What is something you learned through playing at different venues (coffeehouses, festivals, churches, schools, nightclubs, camps, street fairs), would you say you have a preferred one?

Festivals are my most favorite. The reason I like festivals is that people are there just to hear music and you get more honest followers that way. People who are there already and wander into your concerts without a lot of promotion or “Social media.”  If they like what you do, they stick around.

Also, festivals tend to be less formal, which gives me a chance to adjust what I’m doing based on the kinds of things that particular crowd is reacting to.  I have written probably 300 songs of which maybe 60 are good and I have a repertoire of other people’s songs, so I have no trouble adjusting my repertoire for the situation.

And how does your writing process go?

This is a hard question because I know a lot of songwriters who are very diligent about the craft and are way more prolific than me. I tend to come up with a tune and an idea at the same time, or maybe a tune and a hook. Then I write around that. For me it is hard to write from prompts.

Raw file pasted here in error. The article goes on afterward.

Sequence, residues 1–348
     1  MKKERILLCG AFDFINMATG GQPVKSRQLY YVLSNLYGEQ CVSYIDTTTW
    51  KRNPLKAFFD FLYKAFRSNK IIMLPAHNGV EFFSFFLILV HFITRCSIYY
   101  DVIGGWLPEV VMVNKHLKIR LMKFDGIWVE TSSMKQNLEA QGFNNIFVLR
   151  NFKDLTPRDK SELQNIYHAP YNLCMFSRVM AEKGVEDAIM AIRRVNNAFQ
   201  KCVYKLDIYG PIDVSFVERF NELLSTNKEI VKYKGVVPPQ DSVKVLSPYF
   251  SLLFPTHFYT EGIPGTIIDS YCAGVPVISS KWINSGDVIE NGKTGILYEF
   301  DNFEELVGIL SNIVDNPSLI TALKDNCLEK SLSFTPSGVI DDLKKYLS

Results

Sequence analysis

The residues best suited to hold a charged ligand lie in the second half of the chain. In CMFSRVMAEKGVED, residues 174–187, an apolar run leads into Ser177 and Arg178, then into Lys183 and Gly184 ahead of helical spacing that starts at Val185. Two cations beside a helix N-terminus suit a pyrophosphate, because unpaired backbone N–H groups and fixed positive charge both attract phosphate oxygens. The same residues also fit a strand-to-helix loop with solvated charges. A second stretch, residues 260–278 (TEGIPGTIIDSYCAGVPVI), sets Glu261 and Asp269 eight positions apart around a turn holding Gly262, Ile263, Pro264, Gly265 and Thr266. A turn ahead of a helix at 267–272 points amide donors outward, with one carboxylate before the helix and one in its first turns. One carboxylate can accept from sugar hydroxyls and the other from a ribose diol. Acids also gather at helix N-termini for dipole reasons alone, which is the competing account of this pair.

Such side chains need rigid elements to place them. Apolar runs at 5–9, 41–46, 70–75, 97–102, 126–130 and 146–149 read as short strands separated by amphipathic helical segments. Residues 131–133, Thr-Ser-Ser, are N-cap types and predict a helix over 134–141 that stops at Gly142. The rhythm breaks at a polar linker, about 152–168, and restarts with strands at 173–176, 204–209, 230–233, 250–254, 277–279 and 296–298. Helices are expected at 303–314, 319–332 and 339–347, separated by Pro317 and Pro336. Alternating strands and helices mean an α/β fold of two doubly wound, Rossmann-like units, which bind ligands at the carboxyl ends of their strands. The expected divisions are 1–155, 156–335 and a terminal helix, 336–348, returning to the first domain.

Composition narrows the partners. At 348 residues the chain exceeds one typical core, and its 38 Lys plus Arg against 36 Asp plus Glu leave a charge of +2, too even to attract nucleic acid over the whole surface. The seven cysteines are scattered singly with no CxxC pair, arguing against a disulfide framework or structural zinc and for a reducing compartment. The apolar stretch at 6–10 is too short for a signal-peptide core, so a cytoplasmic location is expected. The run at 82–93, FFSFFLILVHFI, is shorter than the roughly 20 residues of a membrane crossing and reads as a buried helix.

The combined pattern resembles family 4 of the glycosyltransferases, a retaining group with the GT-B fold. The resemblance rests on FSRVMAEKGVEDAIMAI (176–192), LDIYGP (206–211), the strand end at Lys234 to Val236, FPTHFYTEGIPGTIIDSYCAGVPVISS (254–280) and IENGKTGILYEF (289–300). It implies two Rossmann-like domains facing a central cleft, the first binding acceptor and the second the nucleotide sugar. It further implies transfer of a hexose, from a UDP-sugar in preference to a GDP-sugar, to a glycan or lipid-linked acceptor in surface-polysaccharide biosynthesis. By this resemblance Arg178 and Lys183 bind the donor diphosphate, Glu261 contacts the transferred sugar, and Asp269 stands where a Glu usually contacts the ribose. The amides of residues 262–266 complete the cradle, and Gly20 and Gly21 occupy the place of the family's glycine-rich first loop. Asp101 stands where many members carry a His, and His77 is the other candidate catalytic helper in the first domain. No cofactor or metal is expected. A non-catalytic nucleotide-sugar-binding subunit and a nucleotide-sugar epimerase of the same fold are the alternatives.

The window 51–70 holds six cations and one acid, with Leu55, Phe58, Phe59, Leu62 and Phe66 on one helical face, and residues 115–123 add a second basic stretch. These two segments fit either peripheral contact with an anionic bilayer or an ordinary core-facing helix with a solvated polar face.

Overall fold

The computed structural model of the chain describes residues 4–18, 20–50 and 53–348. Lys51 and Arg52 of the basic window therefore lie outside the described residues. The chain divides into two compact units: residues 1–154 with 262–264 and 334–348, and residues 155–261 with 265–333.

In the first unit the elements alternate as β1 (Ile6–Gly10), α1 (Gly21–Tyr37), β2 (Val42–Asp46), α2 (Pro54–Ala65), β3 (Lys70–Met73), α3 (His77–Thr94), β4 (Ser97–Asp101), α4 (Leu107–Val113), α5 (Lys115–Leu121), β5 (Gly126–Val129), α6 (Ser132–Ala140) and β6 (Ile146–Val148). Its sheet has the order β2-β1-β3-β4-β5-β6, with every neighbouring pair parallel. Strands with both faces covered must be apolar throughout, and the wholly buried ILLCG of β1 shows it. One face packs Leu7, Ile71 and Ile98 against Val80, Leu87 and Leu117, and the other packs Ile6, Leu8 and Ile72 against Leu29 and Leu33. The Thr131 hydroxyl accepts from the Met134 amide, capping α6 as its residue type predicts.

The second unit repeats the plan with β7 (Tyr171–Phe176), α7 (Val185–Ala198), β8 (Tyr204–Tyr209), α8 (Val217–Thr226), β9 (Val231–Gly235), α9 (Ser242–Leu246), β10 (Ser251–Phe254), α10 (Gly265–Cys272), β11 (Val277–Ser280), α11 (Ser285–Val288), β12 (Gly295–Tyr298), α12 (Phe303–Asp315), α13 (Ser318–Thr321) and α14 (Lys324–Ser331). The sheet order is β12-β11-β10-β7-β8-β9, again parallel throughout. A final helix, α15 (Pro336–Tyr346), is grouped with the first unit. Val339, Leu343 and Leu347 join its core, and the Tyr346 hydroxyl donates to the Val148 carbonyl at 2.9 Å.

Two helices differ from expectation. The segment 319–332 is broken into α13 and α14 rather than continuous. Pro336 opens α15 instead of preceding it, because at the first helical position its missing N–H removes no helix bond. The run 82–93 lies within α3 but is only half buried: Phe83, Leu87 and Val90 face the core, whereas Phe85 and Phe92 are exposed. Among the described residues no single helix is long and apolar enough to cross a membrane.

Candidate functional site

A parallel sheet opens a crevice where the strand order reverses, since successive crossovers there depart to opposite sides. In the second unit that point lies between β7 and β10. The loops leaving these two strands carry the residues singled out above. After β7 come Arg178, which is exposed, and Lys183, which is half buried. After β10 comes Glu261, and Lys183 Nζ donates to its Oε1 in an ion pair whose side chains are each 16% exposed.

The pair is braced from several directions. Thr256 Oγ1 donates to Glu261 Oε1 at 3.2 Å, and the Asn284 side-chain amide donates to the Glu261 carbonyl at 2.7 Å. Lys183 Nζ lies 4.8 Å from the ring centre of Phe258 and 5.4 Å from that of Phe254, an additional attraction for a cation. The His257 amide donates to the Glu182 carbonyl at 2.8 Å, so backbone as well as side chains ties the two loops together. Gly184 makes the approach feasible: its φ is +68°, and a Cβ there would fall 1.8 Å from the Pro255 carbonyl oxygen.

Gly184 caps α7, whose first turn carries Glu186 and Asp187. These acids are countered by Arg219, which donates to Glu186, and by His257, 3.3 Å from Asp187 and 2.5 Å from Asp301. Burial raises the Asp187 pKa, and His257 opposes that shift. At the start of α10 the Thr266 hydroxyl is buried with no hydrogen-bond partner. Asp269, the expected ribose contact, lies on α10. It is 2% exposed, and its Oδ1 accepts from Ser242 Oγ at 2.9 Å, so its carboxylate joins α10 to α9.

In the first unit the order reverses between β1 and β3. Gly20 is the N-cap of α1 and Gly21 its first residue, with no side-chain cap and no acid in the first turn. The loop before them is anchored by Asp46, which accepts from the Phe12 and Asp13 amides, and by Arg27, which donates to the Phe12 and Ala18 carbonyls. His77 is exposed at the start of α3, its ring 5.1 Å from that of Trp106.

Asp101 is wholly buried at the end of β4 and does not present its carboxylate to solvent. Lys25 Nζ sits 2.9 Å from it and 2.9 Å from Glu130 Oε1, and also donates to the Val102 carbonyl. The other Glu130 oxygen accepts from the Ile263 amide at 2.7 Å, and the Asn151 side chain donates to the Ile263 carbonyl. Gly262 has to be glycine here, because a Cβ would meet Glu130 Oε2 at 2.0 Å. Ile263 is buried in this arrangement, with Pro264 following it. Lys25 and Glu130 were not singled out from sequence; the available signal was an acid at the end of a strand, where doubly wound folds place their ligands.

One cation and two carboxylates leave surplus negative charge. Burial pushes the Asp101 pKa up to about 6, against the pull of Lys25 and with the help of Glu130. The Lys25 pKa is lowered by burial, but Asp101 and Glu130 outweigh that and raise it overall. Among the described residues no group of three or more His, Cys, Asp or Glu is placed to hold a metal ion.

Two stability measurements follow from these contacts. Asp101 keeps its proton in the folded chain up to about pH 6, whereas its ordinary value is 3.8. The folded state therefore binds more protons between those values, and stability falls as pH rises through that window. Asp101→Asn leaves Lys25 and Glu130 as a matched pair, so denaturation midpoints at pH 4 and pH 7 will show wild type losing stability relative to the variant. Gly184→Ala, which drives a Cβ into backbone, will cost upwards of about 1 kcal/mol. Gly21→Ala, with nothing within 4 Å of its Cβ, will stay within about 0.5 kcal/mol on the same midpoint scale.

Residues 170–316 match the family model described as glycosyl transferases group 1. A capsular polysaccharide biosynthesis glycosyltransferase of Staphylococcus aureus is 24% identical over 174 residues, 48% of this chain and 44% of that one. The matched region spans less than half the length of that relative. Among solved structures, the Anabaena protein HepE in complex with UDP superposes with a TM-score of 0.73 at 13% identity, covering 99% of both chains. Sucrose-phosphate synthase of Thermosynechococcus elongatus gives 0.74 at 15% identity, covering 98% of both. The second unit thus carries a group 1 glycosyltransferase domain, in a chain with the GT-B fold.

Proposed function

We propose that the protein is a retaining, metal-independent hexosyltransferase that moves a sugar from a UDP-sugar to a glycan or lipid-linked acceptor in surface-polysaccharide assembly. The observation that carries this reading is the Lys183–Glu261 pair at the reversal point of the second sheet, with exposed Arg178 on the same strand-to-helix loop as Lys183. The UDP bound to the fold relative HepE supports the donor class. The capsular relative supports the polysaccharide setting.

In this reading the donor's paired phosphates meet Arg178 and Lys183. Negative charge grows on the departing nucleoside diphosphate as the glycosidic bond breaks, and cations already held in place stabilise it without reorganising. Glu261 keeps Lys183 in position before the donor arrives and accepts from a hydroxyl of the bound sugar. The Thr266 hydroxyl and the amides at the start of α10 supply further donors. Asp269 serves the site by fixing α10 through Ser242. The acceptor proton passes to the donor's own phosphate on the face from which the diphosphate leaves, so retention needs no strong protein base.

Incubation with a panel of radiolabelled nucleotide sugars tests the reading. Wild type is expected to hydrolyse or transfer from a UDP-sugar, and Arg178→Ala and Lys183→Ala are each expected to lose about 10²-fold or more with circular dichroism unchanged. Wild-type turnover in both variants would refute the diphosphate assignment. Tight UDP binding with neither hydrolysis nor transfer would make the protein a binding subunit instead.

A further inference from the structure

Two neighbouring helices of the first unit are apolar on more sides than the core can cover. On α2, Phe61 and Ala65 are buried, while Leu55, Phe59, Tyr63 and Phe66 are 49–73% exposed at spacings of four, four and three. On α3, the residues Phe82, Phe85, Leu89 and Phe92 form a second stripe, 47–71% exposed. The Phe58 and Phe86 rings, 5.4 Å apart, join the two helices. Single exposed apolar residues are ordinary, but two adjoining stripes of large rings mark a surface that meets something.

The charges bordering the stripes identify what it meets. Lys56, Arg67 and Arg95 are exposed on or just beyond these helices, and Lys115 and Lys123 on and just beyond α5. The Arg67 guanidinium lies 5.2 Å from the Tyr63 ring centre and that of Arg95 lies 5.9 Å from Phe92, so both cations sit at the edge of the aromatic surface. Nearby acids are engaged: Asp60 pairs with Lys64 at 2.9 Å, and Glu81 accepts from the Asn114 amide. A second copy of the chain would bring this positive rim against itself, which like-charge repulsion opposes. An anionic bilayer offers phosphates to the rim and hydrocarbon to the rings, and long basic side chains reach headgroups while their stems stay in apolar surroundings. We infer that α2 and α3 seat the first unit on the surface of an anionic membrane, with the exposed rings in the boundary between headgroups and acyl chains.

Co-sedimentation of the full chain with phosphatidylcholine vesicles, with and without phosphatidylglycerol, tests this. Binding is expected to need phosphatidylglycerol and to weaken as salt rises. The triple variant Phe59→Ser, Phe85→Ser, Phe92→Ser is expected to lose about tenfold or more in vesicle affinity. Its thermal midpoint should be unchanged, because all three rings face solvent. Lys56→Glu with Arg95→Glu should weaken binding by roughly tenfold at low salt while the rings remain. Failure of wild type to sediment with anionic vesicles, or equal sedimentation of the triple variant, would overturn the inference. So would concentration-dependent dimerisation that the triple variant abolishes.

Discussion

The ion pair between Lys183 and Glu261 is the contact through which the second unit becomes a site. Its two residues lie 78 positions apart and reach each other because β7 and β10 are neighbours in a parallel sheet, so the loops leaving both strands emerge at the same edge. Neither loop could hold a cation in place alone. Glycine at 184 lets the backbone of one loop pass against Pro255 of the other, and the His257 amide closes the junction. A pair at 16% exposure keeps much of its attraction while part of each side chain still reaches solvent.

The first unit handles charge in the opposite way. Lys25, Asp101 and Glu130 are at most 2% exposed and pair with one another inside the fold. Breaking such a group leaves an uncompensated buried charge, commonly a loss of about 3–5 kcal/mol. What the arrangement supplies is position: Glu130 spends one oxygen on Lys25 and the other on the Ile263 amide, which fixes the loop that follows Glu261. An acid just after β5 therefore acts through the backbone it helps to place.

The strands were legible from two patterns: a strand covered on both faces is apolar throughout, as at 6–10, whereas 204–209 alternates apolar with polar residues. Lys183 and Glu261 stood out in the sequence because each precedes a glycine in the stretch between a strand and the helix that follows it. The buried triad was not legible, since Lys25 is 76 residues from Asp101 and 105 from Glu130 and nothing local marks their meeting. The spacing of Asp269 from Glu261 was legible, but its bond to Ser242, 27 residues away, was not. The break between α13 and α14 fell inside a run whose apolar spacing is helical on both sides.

This is not advice for people – this is the way I do it and it is not the best way for most folks. I have to have a really strong feeling about something generally before writing. And once I do, usually it all comes together very fast. There are some songs for which I have written two verses and a chorus and then 20 years later I will think of a third verse, that happens too. But generally, for most songs I tend to write them within 3-4 days.

In movies, they act is like songs come to you like divine inspiration.   That is not true for most people but is almost works for me that way.

On your Facebook page we can read tons of useful information on gear. How do you choose what gear to invest in?